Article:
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The Real Rules Of Squash

Staff Writer Josh Tate tackles the enigmatic and mysterious game of squash by delving deep into the sweat-soaked guts of Dodge. He went in wondering what squash is and came out in a word, enlightened.

I should preface this by saying I’ve never been into sports. My father was a football player in high school and for about a week in college, but I never followed in his footsteps. I was far happier as a bookworm, but recently I’ve been wondering about different sports. Of the sports that I’ve pondered, there’s one that springs out to me. It’s a sport shrouded in mystery, clouded in secrecy and trepidation from those who are not in the know. Of course I’m talking about squash. So before you start running to Dodge with your racket and herbaceous gourds, sit back and let me tell you the rules.

Squash is an old game, originating as an alternative to the highly political game of Backgammon in the late 1500’s. It was a favorite of Shakespeare who popularized it with his famous tragedy “The Squashing of Caesar,” an anachronistic prequel to Julius Caesar. The rich tradition continued with writers such as Milton playing as spotter, T.S. Eliot as a world champion during the Great War (an inspiration for what would soon become his “Four Quartets”), and even Allen Ginsberg, who reportedly switched from SEAS to CC after reportedly being hit in the face with the almighty squash ball.

A regulation squash court is always 21.33 cubits long, 14 cubits wide, and 12.33 cubits tall constructed either with balsa or gopher wood according to tradition, but despite the sport’s rich history of literary figures, words are not allowed upon the squash court. In fact, up until 1973 each regulation court was required to have a notary present for contracts of silence to be officially filed. This rule was abolished by the squash council due to protests from the notary union regarding the lack of supply for notaries. However, this is the only rule in squash to ever be challenged.

The other rules are varied and would take tomes (which have painstakingly been written) to fully explain, but at its core the rules are fairly simple. Squash consists of two teams: the red and the green. Each team consists of three positions: the spotter, the king, and most importantly the squish. Of these, the most straight forward position on the team is the spotter whose position is to stand in the corner and count their breaths while blindfolded. Each breath that the spotter takes removes points from their team, necessitating large lung capacity in a spotter.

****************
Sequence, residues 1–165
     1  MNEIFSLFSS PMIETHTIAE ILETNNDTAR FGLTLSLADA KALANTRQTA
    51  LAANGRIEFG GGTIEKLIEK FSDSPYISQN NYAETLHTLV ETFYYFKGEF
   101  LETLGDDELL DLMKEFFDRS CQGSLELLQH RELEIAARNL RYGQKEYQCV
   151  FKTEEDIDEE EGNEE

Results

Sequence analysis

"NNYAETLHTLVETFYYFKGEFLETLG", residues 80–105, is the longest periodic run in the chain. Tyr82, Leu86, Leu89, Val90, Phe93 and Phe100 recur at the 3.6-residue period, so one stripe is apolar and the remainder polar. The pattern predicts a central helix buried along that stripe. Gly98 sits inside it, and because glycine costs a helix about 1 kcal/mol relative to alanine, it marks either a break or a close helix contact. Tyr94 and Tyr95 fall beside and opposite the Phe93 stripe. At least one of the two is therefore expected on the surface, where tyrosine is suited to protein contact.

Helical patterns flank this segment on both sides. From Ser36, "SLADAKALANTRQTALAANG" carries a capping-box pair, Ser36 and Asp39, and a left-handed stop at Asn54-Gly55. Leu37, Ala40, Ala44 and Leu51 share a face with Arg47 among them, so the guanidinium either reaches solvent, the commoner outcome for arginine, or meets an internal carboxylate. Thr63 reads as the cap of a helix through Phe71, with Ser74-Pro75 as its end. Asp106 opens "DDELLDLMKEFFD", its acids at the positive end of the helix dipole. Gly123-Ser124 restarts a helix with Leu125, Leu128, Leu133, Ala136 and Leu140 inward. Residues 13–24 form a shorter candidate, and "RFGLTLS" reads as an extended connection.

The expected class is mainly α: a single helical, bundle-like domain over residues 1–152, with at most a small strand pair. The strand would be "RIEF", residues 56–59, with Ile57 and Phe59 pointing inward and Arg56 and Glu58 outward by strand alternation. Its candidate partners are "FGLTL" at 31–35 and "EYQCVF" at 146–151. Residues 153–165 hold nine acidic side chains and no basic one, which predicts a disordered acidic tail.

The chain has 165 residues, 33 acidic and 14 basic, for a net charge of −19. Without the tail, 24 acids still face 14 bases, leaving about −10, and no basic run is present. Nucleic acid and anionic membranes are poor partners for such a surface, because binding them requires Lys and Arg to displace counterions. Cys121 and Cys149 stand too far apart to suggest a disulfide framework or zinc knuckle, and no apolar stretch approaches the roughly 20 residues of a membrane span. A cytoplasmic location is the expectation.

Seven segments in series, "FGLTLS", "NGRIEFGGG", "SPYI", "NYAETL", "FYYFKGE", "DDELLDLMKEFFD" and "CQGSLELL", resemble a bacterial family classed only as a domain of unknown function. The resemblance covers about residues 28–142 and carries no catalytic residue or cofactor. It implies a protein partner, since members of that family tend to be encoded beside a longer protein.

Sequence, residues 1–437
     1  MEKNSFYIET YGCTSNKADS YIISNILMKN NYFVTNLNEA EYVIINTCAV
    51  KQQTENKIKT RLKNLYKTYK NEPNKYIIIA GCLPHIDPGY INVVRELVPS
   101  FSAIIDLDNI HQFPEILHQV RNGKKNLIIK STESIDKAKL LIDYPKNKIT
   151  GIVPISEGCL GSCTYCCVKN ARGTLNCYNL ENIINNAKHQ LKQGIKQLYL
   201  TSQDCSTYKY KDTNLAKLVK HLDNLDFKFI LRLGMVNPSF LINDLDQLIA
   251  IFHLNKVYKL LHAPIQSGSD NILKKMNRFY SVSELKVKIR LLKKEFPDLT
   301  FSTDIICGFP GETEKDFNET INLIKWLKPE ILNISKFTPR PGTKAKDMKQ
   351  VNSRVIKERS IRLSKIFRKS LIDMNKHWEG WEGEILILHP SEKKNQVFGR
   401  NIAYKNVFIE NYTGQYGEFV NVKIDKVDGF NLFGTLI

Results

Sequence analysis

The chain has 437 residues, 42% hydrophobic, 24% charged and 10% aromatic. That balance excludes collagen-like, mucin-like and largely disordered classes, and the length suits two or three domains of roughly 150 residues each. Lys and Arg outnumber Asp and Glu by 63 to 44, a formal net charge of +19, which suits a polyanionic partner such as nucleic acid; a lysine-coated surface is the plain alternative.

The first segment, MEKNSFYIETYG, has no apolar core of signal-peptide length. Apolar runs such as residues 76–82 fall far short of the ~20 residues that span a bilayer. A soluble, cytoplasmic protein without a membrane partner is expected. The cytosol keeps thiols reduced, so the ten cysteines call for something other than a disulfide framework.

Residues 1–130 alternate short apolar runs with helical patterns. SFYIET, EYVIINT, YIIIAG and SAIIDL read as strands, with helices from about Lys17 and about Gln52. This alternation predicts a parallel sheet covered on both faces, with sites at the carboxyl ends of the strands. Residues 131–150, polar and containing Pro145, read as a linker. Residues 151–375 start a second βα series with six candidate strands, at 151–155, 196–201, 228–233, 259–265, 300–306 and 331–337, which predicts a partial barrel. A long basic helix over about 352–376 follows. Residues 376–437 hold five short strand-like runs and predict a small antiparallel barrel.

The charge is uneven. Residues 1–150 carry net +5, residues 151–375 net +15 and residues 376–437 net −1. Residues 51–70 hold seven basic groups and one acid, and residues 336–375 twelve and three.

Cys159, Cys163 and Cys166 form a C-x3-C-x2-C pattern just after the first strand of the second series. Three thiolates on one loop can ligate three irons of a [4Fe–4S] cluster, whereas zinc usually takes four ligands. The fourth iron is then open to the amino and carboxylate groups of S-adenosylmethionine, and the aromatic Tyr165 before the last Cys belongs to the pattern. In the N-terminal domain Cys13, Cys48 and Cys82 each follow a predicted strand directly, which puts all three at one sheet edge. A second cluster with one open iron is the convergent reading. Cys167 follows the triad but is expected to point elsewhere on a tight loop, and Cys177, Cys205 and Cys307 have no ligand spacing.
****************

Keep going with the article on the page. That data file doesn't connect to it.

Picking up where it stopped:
The king wields their “scepter.” The scepter is in this case a racket similar to a tennis racket, except it is made out of solid gold handles, or at least lead if gold proves too costly. The netting is made of a combination of premium red silk and the fibers of grape vines symbolizing both the royal tradition of squash mixed with the reality that we are “all but food for plants,” quote from Shakespeare himself. The goal of the king is to hit the “orb” (a 5 oz hunk of rubber) at the squish of the enemy team. 

The squish runs across the back wall in suits (formerly made from silk, now padded with boiled leather and fox fur) of the color of their own team while the king knocks the ball back and forth in an attempt to hit the squish, who is required to weigh anywhere between 150-170 lbs and stand between 3.33 cubits and 3.86 cubits tall. This is of course no easy task considering the weight of the king’s “scepter” which oftentimes needs both hands to swing. However, Abraham Lincoln famously wielded a scepter with one hand due to copious training.

Points are earned from hitting the squish. Leg shots give 10 points, ankles and feet give 15 points, chest hits are 5 points, but a 25 point bonus if it hits the heart (embroidered in neon yellow on the breast), arms are worth 5 points, wrists, hands, and shoulders are given 12.5 points, and the head is worth 30. If one is able to hit both armpits, then one deducts 12 points from the other team while adding 4 to your own. After three quarters of thirteen minutes, the game ends, the breaths taken by each spotter are counted up, and the highest score wins. In the event of a tie, nobody wins! As the universe is deemed unfair.

And these are the basic rules of squash. The game is one time-tested and honored, and as such has spread far and wide amongst the Ivy League. Never since chess has a game captured the imagination of so few and made sense to virtually none. I hope that I have bestowed upon you the majesty of squash.

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